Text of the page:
Carol and Jon returned as planned from N Ireland on
Wednesday 7th to rejoin Arnamentia in Plymouth. Bob had worked tirelessly with a couple
of agencies to get the VHF radio sorted and Andy Anderson joined us as planned
on the morning of Thursday 8th.
Carol’s sister, brother-in-law and niece (Pen, John and Alys
respectively) drove down from Pembrokeshire to see us off and we all we all
hooked up for lunch with Andy and Fiona Bristow who were aboard their yacht,
Atlantis, in Plymouth harbour whilst Andy was on a quick break from the joys of
The weather was fine and sunny, wind SW Force 4 but the
forecast was distinctly unusual. We
hauled down a large number of GRIB files (detailed diagrams showing anticipated
wind directions and strengths). The
picture was clearly that over the next few days life was going to get pretty
exciting in the English Channel but that the Bay of Biscay was to become a haven
of serenity. Andy Bristow and Jon
discussed this pretty counter-intuitive situation over lunch and came to the
conclusion that this was as good as it gets and that crossing the Bay should be
a doddle. It ought to be recorded (so, it is) that Peter Bruce’s clear advice by
e-mail was that, as far as sailing was concerned, the next few days represented
an excellent opportunity to catch up with land-based friends or see those films
you’d always meant to see. But,
honestly, what would he know? So,
off we set, despite the minor irritation that, although the VHF radio and
antenna had been replaced, the cockpit VHF handset was still faulty.
The wind was SW Force 4 or 5 to begin with. Then it backed to S and gradually
eased. By lunchtime on Friday we
were rounding Ushant, the wind had died away to Force 1 or 2 and
visibility was poor. We can’t be
more precise about wind speed since the B&G anemometer, having been
thoroughly serviced prior to departure, decided to pack up in the early hours of
Friday morning. By 1830 the wind
had backed to SE and freshened to Force 5 and then 6 - enough to spill the gin
and call for a reef. We had a
lively beam reach for the rest of that night in what is absolutely Arnamentia’s
weather. But, enjoyable as it was,
this wasn’t really part of the script.
As Saturday morning dawned, we were about 150 NM SW of
Brest and a couple of things became apparent. First, we’d lost a liferaft in the
boisterous seas of the previous night.
For complex reasons, we had been carrying two liferafts and had had to
re-site our 4 man raft from its stowage forward of the companionway to a bracket
on the pushpit. It had been secured
with the standard lashing straps in the normal way in which such straps are
rigged. The loss of the raft was a
rather expensive way of re-learning the lesson that no amount of sales blather
will prevent what looks like an unseamanlike lash up from being one.
The second problem was that the French meteorological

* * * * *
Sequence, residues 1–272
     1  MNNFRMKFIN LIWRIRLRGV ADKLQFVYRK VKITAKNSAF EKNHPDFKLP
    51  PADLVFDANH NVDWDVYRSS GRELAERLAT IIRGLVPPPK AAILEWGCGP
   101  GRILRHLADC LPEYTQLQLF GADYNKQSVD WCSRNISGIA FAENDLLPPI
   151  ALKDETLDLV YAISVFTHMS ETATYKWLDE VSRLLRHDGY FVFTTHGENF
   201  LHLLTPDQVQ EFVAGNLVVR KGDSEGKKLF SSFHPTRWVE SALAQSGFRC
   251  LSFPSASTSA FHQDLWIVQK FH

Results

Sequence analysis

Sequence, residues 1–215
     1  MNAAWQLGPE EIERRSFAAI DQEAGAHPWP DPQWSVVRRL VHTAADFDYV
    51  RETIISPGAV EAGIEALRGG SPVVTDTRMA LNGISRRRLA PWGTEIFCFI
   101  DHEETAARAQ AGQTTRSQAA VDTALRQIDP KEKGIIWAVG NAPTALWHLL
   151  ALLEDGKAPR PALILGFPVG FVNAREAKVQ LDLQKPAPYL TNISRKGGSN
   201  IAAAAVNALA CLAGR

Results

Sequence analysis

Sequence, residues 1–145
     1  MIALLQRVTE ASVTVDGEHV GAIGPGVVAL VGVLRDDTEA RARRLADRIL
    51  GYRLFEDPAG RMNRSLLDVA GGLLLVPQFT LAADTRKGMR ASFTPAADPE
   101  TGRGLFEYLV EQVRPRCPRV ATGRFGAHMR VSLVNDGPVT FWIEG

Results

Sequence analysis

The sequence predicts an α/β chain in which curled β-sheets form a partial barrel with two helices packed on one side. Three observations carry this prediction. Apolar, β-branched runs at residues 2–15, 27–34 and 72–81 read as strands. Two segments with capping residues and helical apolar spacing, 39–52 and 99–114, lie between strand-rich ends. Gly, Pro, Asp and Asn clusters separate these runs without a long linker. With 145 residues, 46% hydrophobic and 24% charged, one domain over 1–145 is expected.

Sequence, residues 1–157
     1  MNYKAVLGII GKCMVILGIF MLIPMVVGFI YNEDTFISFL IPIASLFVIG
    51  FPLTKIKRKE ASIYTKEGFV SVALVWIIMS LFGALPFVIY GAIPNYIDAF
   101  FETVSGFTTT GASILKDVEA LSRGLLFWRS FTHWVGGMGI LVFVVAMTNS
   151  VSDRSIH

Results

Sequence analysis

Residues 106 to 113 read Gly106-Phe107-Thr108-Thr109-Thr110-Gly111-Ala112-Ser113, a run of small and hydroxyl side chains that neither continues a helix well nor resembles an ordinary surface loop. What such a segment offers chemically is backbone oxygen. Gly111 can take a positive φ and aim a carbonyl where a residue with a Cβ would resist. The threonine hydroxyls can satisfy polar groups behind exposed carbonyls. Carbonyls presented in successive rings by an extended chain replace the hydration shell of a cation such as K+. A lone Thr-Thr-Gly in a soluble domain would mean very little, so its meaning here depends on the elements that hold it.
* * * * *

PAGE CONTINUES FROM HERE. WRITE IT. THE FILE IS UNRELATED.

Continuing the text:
authorities reported on Navtex that Hurricane Katia had decided to go
‘extra-tropical’ and embark on rather more of a walk-about than had been
expected. The previously predicted
S Force 2 in Biscay was now to be replaced by a SW gale Force 8 or severe gale
Force 9. We apparently had until
sometime that evening to do whatever we were going to do about it. That couldn’t involve making for a safe
port – Brest was
the nearest and there was no hope of making that in time. Confidence in predictions having been
severely dented, we decided to go the whole hog in preparing for the windy
stuff. The roller headsail was
removed completely and the mainsail was dropped and stowed inside its cover,
with plenty of sail ties around it all.
The boom was browsed down to the deck. The storm jib was hoisted on the inner
forestay and the trysail on the mast.
The gale duly arrived that evening and we beat into it for the next 24
hours or so. We’d probably overdone
the preparations a bit but weren’t sorry about that. Mainly we dealt with Force 8 winds and
the associated gusts of Force 9 or so. The waves were fairly large and the sea
very confused. So, life aboard was
pretty uncomfortable as we rocked, rolled and slammed our way to windward. Mostly we relied on the Raymarine
autopilot. Obviously it wasn’t
particularly clever at looking ahead at waves and weaving up and over them as
you ought. So, we shipped a bit of
water and slammed more than we might have done. But, it did a lot better than a tired
helmsman would have managed.
Around midnight on Sunday the wind eased to a very manageable Force
4-5. Monday dawned clear and bright
and we put up some decent sized sails.
A secondary low pressure system and associated trough passed through on
Monday afternoon, serving up a series of squalls. But it was pretty much business as usual
and thoroughly enjoyable sailing along the stunning coastline of northern
Spain. By early evening all that had passed and
we arrived in La
Coruna at 2050 to berth in the Marina Real close to the
town centre where we could rest, repair and recuperate whilst drying the boat
and ourselves out.
Yeah, yeah, we know we said we were going for Bayona originally. But, that plan had been blown away
somewhere mid Biscay. But, hey, we’ve sharpened up our heavy
weather procedures and our confidence in Arnamentia’s ability to take the tough
stuff in her stride has been further boosted. Were she a horse, you’d certainly
describe her as honest.